Create an Apache Kafka Consumer
Apart from reading the messages from a Kafka topic, Kafka consumers are responsible for a variety of other functionalities such as:
Data processing and transformation – Kafka consumers can perform the data processing and conversion on the messages that they read from Kafka topics before sending them to downstream systems or applications. Such data processing operations include data filtering, data aggregation, data joining from multiple topics, and more.
Real-time stream processing – Kafka consumers can also work as real-time stream processors. These can allow the consumers to continuously consume the messages from one or more topics and perform the streaming operations on them such as grouping, windowing, and more.
Scalability – Kafka consumers are designed to be highly scalable and can be deployed and distributed to handle large volumes of messages and achieve high throughput and low latency.
Data synchronization – Lastly, we can use the Kafka consumers for data synchronization between different systems or databases. By consuming messages from Kafka topics, the consumers can update or replicate the data in other systems or databases in real time.
It is, therefore, an understatement to say that the consumers are a significant building block within a Kafka cluster.
It is essential to understand how to configure a basic consumer application in Kafka using the CLI tools. Join us in this tutorial to explore how to do that.
- Apache Kafka
- Terminal Access
- Sudo Permissions
Create a Test Kafka Topic
Before writing the messages to a topic, we must ensure that the topic exists on the server. We can do this using the “kafka-topics.sh” command line utility.
An example command is shown in the following:
The provided command uses the “kafka-topics.sh” utility to create a new a new topic called “users”. We use the –bootstrap-server command to specify the address to the Kafka broker. We also use the –replication-factor argument to set the replication of the topic. Finally, we use the –partition argument to allow us to specify the number of partitions that are assigned to the Kafka topic.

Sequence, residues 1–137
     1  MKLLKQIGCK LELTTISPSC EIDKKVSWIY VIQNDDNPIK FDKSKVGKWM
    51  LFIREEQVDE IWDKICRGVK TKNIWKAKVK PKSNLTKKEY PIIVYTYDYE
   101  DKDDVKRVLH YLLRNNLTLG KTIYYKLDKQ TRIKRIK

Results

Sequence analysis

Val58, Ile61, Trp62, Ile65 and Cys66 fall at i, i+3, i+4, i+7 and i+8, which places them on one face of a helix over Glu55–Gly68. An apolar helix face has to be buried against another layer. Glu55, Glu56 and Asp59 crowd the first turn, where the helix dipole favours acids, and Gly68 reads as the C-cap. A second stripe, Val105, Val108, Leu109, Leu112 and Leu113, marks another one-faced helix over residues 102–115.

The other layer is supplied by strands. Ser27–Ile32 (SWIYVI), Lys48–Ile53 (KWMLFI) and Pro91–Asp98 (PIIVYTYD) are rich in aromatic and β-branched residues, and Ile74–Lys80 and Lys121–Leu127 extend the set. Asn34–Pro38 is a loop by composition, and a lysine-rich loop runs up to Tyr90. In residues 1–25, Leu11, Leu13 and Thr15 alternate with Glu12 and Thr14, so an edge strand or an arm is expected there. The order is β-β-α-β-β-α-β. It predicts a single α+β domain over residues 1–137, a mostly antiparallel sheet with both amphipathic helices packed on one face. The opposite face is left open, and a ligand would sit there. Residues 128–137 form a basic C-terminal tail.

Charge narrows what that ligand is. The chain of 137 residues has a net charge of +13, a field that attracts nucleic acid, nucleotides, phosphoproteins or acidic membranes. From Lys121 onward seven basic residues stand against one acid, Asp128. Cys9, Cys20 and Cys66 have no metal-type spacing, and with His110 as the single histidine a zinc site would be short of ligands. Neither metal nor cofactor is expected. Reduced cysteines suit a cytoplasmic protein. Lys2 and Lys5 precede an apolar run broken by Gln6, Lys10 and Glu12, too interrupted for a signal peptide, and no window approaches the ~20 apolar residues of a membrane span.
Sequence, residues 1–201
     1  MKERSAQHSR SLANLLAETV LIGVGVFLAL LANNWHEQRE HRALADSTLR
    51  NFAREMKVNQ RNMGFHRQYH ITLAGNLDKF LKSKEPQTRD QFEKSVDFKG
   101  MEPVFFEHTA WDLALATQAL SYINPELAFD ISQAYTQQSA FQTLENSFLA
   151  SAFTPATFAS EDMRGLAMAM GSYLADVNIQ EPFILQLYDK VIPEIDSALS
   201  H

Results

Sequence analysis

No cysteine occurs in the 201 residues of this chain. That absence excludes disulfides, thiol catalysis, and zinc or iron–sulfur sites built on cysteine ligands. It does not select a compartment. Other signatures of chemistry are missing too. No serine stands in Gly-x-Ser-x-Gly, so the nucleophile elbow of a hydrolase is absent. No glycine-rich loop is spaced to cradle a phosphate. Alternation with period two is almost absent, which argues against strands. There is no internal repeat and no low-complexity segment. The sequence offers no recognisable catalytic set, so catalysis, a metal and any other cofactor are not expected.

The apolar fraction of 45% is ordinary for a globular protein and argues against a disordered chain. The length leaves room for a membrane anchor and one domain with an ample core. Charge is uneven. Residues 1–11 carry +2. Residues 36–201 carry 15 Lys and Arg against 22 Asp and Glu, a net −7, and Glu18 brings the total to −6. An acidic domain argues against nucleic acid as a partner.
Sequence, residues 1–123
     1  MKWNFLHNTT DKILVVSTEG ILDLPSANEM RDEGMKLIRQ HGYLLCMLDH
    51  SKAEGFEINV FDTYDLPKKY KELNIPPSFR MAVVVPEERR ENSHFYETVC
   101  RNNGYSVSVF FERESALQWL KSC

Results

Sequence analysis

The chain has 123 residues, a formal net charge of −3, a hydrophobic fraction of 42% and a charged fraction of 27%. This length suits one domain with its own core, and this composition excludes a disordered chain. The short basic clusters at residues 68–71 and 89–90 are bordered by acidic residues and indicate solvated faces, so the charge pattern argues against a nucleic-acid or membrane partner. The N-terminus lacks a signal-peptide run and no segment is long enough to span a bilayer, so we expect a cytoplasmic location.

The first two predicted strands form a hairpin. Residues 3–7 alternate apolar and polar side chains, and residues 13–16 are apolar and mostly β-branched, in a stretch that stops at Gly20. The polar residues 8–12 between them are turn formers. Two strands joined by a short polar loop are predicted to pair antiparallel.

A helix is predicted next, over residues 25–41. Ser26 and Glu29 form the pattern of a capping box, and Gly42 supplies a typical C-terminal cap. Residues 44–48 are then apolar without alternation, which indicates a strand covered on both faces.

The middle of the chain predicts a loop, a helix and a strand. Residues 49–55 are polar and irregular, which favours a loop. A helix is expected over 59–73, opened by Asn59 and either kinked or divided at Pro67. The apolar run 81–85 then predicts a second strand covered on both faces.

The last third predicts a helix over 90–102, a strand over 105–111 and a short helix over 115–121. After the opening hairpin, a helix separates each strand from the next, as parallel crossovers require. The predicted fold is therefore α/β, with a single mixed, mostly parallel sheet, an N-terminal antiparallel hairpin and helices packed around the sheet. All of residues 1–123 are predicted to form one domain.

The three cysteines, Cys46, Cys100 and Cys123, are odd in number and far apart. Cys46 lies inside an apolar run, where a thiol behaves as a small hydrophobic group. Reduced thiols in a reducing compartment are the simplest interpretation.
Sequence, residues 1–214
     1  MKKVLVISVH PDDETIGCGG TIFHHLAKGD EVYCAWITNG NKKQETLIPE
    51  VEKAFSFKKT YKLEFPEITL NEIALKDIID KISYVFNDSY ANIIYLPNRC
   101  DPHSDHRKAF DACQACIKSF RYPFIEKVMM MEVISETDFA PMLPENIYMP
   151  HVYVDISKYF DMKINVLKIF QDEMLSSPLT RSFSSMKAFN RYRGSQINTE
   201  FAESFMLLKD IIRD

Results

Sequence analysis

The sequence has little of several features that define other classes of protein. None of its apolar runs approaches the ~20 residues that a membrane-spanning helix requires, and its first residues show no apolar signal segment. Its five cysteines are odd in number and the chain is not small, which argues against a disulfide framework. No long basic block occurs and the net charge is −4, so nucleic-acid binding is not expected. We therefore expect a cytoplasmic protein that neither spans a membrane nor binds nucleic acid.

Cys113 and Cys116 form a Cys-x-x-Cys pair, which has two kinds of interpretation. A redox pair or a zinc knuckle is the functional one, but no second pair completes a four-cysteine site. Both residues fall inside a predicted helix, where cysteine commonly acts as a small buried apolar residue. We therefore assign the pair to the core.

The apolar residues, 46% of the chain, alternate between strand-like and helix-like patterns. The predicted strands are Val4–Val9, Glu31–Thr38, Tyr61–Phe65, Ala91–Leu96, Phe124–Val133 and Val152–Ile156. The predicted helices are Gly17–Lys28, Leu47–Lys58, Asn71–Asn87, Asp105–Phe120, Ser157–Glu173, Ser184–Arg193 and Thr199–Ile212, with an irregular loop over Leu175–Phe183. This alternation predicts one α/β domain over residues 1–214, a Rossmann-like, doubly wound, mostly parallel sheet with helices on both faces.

Start Producing the Messages
Once we verify that the topic exists on the server, we can start writing the messages to the topic using the “kafka-producer” utility.
The command syntax is as shown in the following:
If you are running an Apache Kafka 2.4 or less, you need to substitute the –bootstrap-server option with the –broker-list option as shown in the following syntax:
An example demonstration command is as shown in the following:
This command should open an input in the console which allows us to write the messages to the “users” topic.
We can write a new message on each line as shown in the following:
>end by pressing ^C
To stop writing the messages to the topic, use the CTRL + C key combination to send a SIGKILL signal to the producer process.
Kafka Consumer Application Using CLI
Once we created a Kafka topic and used a Kafka CLI producer to write some basic messages to the topic, we can proceed and use a basic consumer to read the messages.
To create a basic consumer application using the Kafka CLI tools, use the following command:
The parameters from the previous command are expressed as follows:
<bootstrap_server> – This represents the address to one or more Kafka brokers in the <hostname>:<port> format. You can specify multiple brokers by separating them in commas.
<topic_name> – This specifies the name of the Kafka topic from which we wish to consume the messages.
We can also specify some options to the command to modify the consumer behavior. Some standard options include the following:
–from-beginning – This option tells the consumer to start reading the messages from the beginning of the topic. By default, the consumer only reads the messages that are produced after it starts running.
–max-messages <n> – This option specifies the maximum number of messages that a consumer reads before exiting. By default, the consumer runs indefinitely.
–property <key>=<value> – This parameter allows us to specify the additional properties for the consumer. For example, we can set the deserializer class for the message key and value.
We can use the previous commands to set up a basic Kafka consumer from CLI. For example, to read all the messages from the “users” topic that we created earlier, we can run the following command:
This should read the messages from the beginning of the topic.
You now learned how to configure a basic Kafka consumer application using the CLI tools. After that, you can explore the documentation to learn more.
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